- Inverted in The Gil Mayo Mysteries, where the team debates possible solutions to the weeks murder(s) by playing with models. The same eclectic set of models is used each week, so they bear no real resemblance who they are meant to represent. Except for that one time when the Reverend Beaver was represented by, of course, a beaver.
- "The Architect Sketch" on Monty Python's Flying Circus has an architect who represents his plans for an apartment building with a model that gradually collapses as he gives his presentation, and then spontaneously catches fire. He gets the contract anyway, because he's a Freemason. Or possibly because his competitor's plan involved corridors of rotating knives.
- Mentioned a couple of times in the first two episodes of Band of Brothers. In the first episode, the soldiers are instructed to study various pieces of intelligence, including sand table models of their objectives. In the second episode, when one trooper asks another how he is so sure of their location, the trooper replies, "Cuz I studied the sand tables, genius!"
- The POWs in Colditz use models of the castle made from Red Cross Parcel boxes to demonstrate their escape plans, including how to launch a glider from the roof.
- BBC News, and later Channel Four News, were ridiculed and parodied for this when using sandbox models and toy tanks to explain British involvement in assorted wars and peace-keeping operations (First Gulf, Yugoslavia, Second Gulf). These were pushed around by an enthusiastic Armchair General called Peter Snow.
- The Avengers. In "A Funny Thing Happened on the Way to the Station" the villain handcuffs Steed to a pipe so he can explain his Evil Plan with the help of a model train set.
Villain: I had you brought here to witness the final phase.Steed: That's very decent of you.Villain: It's for me really, verging on megalomania you might say. But a coup is not a coup without someone to see.Steed: (indicating cuffs) Excuse me if I don't applaud.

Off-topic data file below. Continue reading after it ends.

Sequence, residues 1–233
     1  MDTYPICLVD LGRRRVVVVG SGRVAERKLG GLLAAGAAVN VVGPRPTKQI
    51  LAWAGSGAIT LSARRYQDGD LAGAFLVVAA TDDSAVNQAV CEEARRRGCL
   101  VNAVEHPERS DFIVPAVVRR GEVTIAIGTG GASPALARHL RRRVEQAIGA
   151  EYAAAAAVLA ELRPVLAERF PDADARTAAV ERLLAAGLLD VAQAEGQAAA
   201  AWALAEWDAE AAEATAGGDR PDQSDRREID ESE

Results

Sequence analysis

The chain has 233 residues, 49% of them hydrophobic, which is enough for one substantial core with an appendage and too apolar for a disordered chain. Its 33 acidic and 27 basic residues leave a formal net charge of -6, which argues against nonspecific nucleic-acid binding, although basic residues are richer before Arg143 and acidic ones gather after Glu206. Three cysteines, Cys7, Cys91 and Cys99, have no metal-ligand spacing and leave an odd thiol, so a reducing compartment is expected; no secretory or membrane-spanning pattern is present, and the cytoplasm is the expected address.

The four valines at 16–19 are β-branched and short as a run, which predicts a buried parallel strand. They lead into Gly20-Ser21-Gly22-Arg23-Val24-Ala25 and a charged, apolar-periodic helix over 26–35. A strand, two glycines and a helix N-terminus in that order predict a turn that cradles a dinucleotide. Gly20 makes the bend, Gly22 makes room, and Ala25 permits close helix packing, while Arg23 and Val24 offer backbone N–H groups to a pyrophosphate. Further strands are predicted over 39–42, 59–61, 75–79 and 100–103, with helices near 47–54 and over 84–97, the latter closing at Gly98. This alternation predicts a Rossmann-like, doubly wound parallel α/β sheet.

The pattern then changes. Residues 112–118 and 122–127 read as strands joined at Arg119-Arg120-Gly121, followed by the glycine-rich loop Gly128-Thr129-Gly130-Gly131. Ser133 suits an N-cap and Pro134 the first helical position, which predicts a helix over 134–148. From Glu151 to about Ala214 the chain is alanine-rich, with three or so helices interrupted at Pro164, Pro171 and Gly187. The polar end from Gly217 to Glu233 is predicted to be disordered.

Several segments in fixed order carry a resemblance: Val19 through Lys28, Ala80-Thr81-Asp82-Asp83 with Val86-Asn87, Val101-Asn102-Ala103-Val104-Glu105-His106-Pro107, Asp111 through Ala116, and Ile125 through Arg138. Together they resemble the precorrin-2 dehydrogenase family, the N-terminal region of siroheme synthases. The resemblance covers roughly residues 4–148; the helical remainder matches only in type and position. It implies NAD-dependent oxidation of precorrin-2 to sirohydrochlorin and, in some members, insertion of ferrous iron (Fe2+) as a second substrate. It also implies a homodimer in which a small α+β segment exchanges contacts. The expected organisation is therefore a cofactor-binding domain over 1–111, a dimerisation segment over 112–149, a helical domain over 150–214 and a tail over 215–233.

- The Goodies. A BBC news broadcast simulates what will happen when the Goodies' moon rocket returns to Earth. James Burke demonstrates what will happen next by dropping a model Apollo landing module on a map of Britain so it smashes to pieces.
- One of these is used to plan a casino heist in Saints Row 2. Then your gang decides to ignore the carefully-crafted plan and just "shoot the motherfuckers that are between [them] and the money", a Take That! to Grand Theft Auto: San Andreas, where a long series of quests are taken to plan and prepare a casino heist.
- In Final Fantasy VIII the La Résistance group Forest Owls used train models to explain the hijacking the railcar of an enemy president.
- Antonio in Assassin's Creed II has a model of the Venice rooftops in his office in the Thieve's Guild.
- One of the pre-rendered cutscenes in Stuntman has the protagonist demonstrating how toy cars and miniatures are used by the stunt team to meticulously plan everything out. Of course, the player doesn't learn more than one or two key stunts before having to memorize the sequence on the job....
- Inverted/Accelerated in Warcraft III in the final cinematic of the Undead campaign, when a newly-summoned Archimonde the Destroyer raises a model of Dalaran from sand. Then he swipes at the sand building... and the building it corresponds to crumbles.
- An episode of Batman: The Animated Series opens with the apparent explosion of a Gotham neighborhood, only for it to be revealed as a model, with the Big Bad of the episode detailing his plans to make it really happen.
- The Simpsons:
Mr. Burns: Take that, Bowlerama! (stomp) Take that, Convenience Mart! (stomp) Take that, Nuclear Power Plan— (stomp) Oh, fiddlesticks.
- In the episode "Who Shot Mr. Burns? Part 1", Burns uses a model Springfield to show Smithers his plan to block out the Sun in order to make everyone more reliant on the power plant. After Smithers quits due to Burns' descent into "cartoonish super-villainy", Monty begins stomping on the model for fun:
- In season six's "Bart's Comet," they used a model to show the different ways they can blow up the comet — all ending with Moe's tavern being destroyed in flames.
- In The Venture Bros. Christmas special, the Monarch displays a scale model of the Venture compound as he gleefully outlines his plan to destroy Dr. Venture on Christmas Eve. Dr. Girlfriend is visibly ticked off.
Dr. Girlfriend: That model was supposed to be a surprise!
Monarch: [sheepishly] ...I peeked?
- Phineas and Ferb
- Dr. Doofenshmirtz does this sometimes. One episode shows a flashback to him working all weekend to make the model and hoping that Perry the Platypus appreciates it. He doesn't.
- In "Night of the Living Pharmacists," Phineas explains the plan to end the zombie apocalypse using a scale model. With the zombies breaking in as he speaks, Candace asks whether it was really worth the time to make the model. He says it was.